Adolf Hitler’s letter
On 29 May 1937, two years before World War Two began, a German warship lying off the waters of Ibiza was mistakenly bombed by a Soviet bomber. The islanders rallied to help the survivors, even releasing a series of black Tanit stamps to raise funds for the wounded. Later that year, the Mayor of Ibiza, Antonio Torres, received a letter from the Führer himself, thanking him and his countrymen and requesting a guided tour of Ibiza.
Street of the Devil
Calle de la Soledad is the site of an ancient legend, regarding a witch who sold souls to the devil. The story goes that a woman went to the witch, begging her to bring back a man who had left
her. The sorceress told her that he would return only if she was brave. The test of courage was to walk the eerie Calle de la Soledad night. The woman did, and as the cathedral bells chimed midnight, a voice from beyond the grave froze her blood. And the man returned.
Quite what happened to the Danish writer Carl Erik Soya on his Ibiza holiday in 1959, we will never know. But whatever carnal joys he experienced, it spurred him on to write a book of his trip, which led to a film entitled Sytten – the first film in Denmark that dealt with sexuality and nudity. The film contributed to the development of a 1967 law that legalised pornography in Denmark and paved the way for public nudity.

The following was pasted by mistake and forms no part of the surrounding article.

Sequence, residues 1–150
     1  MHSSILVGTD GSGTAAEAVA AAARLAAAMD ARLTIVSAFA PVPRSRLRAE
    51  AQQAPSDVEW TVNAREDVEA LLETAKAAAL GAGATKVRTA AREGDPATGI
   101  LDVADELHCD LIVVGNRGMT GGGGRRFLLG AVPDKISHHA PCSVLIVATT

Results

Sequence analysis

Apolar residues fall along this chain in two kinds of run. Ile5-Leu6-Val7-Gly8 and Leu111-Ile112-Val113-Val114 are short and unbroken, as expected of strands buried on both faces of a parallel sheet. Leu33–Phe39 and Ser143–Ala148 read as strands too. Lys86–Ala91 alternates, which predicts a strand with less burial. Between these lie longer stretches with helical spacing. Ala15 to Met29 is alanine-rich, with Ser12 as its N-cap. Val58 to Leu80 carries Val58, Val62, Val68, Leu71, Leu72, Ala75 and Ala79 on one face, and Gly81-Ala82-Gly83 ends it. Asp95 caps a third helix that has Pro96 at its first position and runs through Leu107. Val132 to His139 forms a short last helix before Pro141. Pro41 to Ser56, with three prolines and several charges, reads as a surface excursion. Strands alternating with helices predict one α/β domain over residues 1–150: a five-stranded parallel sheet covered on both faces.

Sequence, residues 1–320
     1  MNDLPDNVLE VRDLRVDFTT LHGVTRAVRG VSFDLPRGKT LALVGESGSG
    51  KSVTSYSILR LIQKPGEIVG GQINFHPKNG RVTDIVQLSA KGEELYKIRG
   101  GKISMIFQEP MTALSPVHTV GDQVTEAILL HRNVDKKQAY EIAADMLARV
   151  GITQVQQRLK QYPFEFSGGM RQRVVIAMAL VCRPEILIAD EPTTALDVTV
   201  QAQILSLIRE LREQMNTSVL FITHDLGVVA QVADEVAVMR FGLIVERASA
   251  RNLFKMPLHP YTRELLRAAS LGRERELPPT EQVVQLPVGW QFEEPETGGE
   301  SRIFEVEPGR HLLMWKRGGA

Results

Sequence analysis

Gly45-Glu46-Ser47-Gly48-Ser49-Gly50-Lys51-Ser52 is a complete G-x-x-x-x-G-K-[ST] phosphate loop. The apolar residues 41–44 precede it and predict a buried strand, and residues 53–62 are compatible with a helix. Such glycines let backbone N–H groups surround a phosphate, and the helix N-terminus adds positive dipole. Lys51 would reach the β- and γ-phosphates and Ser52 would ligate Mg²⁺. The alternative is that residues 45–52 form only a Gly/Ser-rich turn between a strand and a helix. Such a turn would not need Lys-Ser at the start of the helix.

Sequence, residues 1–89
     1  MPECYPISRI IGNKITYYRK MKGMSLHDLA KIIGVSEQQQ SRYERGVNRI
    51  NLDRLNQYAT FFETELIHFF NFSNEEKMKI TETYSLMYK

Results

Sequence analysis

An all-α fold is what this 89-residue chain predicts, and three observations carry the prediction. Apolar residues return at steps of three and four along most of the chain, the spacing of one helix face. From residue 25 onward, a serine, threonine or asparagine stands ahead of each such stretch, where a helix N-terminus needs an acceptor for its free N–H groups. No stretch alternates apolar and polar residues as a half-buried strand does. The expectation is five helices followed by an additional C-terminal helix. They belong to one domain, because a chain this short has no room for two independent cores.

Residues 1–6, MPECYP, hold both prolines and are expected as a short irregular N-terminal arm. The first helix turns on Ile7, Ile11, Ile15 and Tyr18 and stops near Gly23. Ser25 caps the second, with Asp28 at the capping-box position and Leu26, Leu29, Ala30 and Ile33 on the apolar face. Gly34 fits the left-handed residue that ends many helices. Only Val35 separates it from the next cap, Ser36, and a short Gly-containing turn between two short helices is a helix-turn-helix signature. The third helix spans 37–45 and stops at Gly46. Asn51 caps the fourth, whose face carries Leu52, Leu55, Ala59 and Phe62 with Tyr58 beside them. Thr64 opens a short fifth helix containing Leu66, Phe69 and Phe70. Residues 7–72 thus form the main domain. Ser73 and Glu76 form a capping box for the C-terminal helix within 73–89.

Brazil brings football to Ibiza
Ibiza’s first international football match took place in 1920, when sailors from the Brazilian schooner Meriam played island locals on Platja d’en Bossa. Given that Brazilian youths grow up playing beach football, the 6/2 win to the sailors was no surprise.
The city of the dead
People have long believed that Ibiza is a magical island. The Carthaginians were particularly enamoured, often choosing to spend their final years here in order to rest for eternity in Ibiza’s red soil. This helps to explain the vast number of ancient crypts on the island – a number that is disproportionate to the amount of Carthaginians who actually lived here.
Ibiza’s pet cemetery
Nestled in the heavy overgrowth of Sa Caleta lies a magical plot of pet tombs that few people know exist. Covering 100 metres of coastline, beneath a maze of pine trees, sits a cluster of stones where owners have laid their beloved animals to rest. These rudimentary graves are adorned with messages, photos and animal toys. There’s even a tin of white paint next to one memorial.
Ibiza enters a new century
The glory days of mule transport, rickety stairs and handwritten letters finally came to end as modern technology arrived in Ibiza 100 years ago. The first car arrived in 1914, for an offical government tour of the villages. The first elevator was installed at the Hotel Noray in 1959, and the first telephone followed two years later at Formentera’s town council building.